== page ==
Everything in life is a balance. Name any concept or thing and it can almost certainly be argued that equilibrium must exist in order for it to be healthy; in order for an individual to live productively. 

The ideas of right-wing and left-wing extremism demonstrate this concept. Humans can go too far in either direction. They can become anarchists who oppose any societal organization, or they can become dictators and oppose any form of individual liberty.

When it comes to science and technology in the 21st century, the same principle applies. The science, technology, engineering, and math (STEM) developments in the past few decades are spectacular. In less than 100 years, we went from living largely without electricity and the internet to relying on both at every hour of the day. While progress can be good, it almost always comes with unintended outcomes. In 2023, we are seeing those results first-hand. 

Neuralink, for example, is Elon Musk’s technological device that intertwines with the brain to treat conditions like paralysis. Neurological implant technology has already been used for hearing impairments, but not like Musk’s invention. Nerualink uses an electrode-laden computer chip that can be sewn into the surface of the brain and connects it to external electronics. For now, the effort is aimed at health advancements, but according to The Guardian, Musk has said the eventual goal is to develop a “general population device” that can connect a user’s mind directly to supercomputers and help humans keep up with artificial intelligence.

Every individual must ask, is it possible that artificial intelligence can go too far? As every day passes, the answer becomes more clear.

Egotistical world powers aren’t committed to God, and they certainly aren’t committed to truth. A World Economic Forum contributor, Yuval Noah Harari, recently glorified the idea of A.I. technology creating a new bible. During a recent forum called “A.I. & The Future of Humanity,” he said that A.I. technology will soon be able to create new ideas and concepts, as the human brain does.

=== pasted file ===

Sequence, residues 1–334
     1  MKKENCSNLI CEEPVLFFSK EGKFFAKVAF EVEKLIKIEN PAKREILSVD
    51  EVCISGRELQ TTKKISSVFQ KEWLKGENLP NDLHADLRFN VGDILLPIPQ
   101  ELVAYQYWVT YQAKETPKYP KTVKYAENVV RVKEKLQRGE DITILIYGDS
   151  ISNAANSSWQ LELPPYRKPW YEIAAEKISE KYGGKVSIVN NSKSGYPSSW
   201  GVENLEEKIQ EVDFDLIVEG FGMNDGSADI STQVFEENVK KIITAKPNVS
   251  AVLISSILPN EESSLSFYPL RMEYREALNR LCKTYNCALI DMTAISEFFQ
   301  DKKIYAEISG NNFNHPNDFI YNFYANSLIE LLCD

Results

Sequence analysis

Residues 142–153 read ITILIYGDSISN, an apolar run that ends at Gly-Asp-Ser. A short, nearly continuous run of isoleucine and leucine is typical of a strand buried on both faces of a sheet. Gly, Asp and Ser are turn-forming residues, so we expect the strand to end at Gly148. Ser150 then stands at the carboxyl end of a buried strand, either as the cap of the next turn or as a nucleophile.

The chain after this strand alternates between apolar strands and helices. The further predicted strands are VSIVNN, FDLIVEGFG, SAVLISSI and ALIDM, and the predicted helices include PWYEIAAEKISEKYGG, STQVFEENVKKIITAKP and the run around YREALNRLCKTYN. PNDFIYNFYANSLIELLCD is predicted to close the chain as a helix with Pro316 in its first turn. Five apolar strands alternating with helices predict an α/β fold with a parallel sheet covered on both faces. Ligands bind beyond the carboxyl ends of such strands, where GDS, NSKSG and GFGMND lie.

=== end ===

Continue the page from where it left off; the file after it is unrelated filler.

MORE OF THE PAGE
“A.I. can create new ideas; [it] can even write a new Bible,” he said, in order to establish unified religions. “In a few years, there might be religions that are actually correct … just think about a religion whose holy book is written by an A.I… That could be a reality in a few years.”

The outright attack on religion became unmistakable when he compared real religions to fake news, explaining that “we are admonished not to call it ‘fake news’ in order not to hurt the feelings of the faithful (or incur their wrath).”

Pure lies. Purely evil intentions. This is the direction our technology is headed.

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The public has heard plenty about artificial intelligence and virtual reality, but what is augmented reality? It’s a technology that combines an individual’s real-life surroundings with the virtual world. It’s pulling two worlds together and attempting to make real-life fake, and fake-life real. Apple is set to release its new augmented reality headset in 2024 at the whopping price of $3,499. The mixed reality is extremely concerning, with some people calling the product a ‘crime’ and a ‘tragedy’ for children. 

“Depending on how seductive the experience is, it could lead to metaverse addiction,” Michael Rectenwald, Ph.D, told The Defender. “The possibility for addiction to a simulated reality is great, especially in the case of children [and] for those children who become addicted, psycho-social development will likely be adversely affected, if not distorted beyond recognition.”

Americans are more depressed than ever and more addicted to media consumption than ever. It goes without saying that combining an artificial world with a user’s physical surroundings will bring a surplus of new mental health challenges to society, especially as all technology has become a way for people to escape from the real world.  

Self-governance requires discipline and control of one’s emotional and physical well-being, which is impossible when one escapes reality and replaces it with a mind-controlling machine. The world will continue pushing technology that crosses the ethical line, but it doesn’t mean people should accept it. 

About The Author

Brianna is a national staff writer at Convention of States Action.